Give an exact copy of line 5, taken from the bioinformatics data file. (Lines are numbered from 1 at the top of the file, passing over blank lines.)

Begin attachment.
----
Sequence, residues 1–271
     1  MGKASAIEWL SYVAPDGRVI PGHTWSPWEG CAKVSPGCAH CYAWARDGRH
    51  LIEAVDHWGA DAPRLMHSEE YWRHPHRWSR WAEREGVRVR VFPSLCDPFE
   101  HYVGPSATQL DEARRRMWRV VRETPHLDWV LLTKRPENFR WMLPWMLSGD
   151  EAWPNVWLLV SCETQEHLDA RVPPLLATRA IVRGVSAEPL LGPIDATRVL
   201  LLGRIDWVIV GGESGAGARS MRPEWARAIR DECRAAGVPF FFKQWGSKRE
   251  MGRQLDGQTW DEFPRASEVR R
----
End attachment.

   151  EAWPNVWLLV SCETQEHLDA RVPPLLATRA IVRGVSAEPL LGPIDATRVL